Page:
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aBritish Symphonies
4CDs £16 post-free


W.S. Bennett, Rootham, Moeran,
Bax, Rubbra, Rawsthorne, Berkeley
Alwyn, Grace Williams, Arnold, Wordsworth. Searle, Joubert

Van Dieren Chinese Symphony
Searle Symphonies 3, 5
Shaw Piano Concertos 1 and 2

£11.75 post-free

  Founder: Len Mullenger
Editor-in-Chief: Rob Barnett

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Vadim Gluzman - A quite extraordinarily good disc

This impressed me mightily

Shostakovich 5, 8 9
Great concentration

Let me tell you
Stratospheric Barbara Hannigan
Birmingham and BBC Proms

Berkeley - Authenticity

Highly Expressive

NØRGÅRD Stunning

Superbly played

One to treasure

One of the finest American
choral-orchestral works

from strength to strength

inspired choice

Book and CD £12

Book + 4CDs £33



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Wolfgang Amadeus MOZART (1756-1791)
Eine kleine Nachtmusik, K525 [17:31]
Adagio and Fugue, K546 [7:19]
Divertimento in D, K136 [11:10]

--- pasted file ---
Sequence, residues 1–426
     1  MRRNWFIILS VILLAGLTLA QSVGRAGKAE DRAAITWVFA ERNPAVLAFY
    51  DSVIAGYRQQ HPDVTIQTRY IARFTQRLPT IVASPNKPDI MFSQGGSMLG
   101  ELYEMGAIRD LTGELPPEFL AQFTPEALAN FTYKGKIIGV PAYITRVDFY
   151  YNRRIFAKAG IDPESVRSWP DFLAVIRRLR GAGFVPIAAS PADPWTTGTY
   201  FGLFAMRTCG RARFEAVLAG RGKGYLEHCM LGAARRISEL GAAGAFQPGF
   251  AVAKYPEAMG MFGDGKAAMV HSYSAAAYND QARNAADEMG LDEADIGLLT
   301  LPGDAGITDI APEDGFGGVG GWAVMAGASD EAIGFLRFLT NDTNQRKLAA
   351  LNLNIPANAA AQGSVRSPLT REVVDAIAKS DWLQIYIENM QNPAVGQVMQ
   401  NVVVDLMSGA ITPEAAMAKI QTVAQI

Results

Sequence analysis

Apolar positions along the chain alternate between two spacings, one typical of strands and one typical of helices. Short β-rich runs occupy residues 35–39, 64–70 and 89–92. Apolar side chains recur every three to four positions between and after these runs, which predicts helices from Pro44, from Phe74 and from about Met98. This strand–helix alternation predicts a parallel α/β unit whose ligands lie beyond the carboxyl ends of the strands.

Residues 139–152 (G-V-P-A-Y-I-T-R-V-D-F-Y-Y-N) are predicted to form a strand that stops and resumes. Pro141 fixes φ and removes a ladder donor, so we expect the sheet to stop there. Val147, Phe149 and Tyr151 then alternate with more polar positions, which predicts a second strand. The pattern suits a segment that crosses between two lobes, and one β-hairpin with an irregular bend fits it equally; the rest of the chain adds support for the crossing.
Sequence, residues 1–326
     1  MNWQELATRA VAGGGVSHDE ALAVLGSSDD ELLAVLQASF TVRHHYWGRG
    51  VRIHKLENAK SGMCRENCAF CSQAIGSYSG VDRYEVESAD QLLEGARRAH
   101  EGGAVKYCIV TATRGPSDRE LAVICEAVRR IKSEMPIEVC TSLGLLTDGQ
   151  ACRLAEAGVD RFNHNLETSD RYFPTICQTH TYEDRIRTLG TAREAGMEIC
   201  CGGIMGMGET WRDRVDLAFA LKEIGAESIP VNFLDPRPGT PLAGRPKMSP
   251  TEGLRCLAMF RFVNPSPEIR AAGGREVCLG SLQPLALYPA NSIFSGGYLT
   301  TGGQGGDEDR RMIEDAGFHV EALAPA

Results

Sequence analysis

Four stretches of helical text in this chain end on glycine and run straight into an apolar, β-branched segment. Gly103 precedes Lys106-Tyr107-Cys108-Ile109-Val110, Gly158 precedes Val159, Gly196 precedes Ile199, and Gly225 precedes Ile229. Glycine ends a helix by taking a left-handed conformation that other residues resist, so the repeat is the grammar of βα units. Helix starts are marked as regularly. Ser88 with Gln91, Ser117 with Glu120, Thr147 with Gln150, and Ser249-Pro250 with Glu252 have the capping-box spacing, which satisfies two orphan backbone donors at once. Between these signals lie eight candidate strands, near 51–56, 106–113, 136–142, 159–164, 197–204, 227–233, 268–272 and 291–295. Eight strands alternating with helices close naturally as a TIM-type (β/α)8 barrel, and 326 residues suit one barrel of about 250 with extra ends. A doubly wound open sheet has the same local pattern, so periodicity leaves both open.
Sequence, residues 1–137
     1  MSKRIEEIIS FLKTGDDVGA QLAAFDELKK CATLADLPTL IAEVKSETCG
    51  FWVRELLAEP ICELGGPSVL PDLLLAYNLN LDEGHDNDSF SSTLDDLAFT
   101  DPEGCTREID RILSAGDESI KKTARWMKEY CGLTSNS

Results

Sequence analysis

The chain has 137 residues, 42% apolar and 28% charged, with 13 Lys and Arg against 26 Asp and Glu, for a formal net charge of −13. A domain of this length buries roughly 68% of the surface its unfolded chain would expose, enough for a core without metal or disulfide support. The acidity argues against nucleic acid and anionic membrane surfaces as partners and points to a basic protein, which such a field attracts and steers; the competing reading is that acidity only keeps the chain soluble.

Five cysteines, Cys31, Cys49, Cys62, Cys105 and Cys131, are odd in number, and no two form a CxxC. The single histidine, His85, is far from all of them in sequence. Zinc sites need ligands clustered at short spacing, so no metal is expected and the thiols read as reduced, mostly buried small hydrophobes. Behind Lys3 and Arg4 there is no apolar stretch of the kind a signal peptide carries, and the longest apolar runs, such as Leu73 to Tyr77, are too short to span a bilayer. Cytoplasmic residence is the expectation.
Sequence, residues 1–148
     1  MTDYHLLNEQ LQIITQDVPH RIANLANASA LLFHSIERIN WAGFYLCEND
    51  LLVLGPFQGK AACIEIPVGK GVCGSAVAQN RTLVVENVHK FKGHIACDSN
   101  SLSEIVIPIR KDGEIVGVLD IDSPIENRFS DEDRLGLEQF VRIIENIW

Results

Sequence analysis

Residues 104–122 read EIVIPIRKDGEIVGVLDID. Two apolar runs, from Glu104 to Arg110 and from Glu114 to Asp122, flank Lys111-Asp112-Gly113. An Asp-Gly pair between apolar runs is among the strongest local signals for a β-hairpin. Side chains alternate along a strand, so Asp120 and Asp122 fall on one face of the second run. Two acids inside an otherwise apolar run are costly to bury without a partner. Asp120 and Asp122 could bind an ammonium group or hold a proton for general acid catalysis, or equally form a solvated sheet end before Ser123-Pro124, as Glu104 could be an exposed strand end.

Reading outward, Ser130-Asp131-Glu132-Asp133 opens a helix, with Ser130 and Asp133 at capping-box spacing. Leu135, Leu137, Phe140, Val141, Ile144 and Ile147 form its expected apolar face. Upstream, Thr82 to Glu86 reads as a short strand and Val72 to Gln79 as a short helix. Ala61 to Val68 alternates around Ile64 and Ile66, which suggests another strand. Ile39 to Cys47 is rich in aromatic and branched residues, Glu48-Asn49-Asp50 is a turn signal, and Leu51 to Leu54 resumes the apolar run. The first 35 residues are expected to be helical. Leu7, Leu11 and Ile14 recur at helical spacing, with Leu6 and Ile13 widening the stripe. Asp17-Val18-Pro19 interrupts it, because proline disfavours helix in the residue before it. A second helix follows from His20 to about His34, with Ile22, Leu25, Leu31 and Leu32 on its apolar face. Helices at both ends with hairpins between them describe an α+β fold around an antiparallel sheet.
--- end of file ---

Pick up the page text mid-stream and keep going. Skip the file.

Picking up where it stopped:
Divertimento in B flat, K137 [8:39]
Divertimento in G, K138 [9:02]
Talich Quartet
rec. June 1977, Notre-Dame-du-Liban Church, Paris

The Talich Quartet was ahead of the curve in performing Mozart’s Eine kleine Nachtmusik for string quartet. The Amadeus and Budapest had done it before they did, in 1977, and since then we’ve had recordings from the Guarneri, Hagen, Kocian, Shanghai and Takacs, among others. I prefer the chamber version: too many big traditional orchestras just weigh the piece down, and give it false hopes of becoming profound instead of diverting.

The value of this Talich recording, which is vivacious and well-played but maybe not the last word in elegance or grace, is that it comes with three more divertimenti, the unnumbered so-called “Salzburg symphonies”, written by Mozart when he was around 16 years old. Together all of this makes for a pleasing programme, the kind of music you might put on in the morning to gently pull yourself awake, or maybe give as a gift to somebody who believes in the Mozart Effect. The music isn’t essential, but it’s very nice, as you’d expect.

The Talich players aren’t subtle, but they are good, so this makes for an enjoyable 53 minutes. The Adagio and Fugue is a wonderful bonus, though it doesn’t add too much to the playing time. That short time is a remnant of the 1970s and the need to stick to LP length, but you needn’t worry too much about the sound, which I suppose is a little coarse, though never problematic. For many collectors, this will fill a satisfying niche.

Brian Reinhart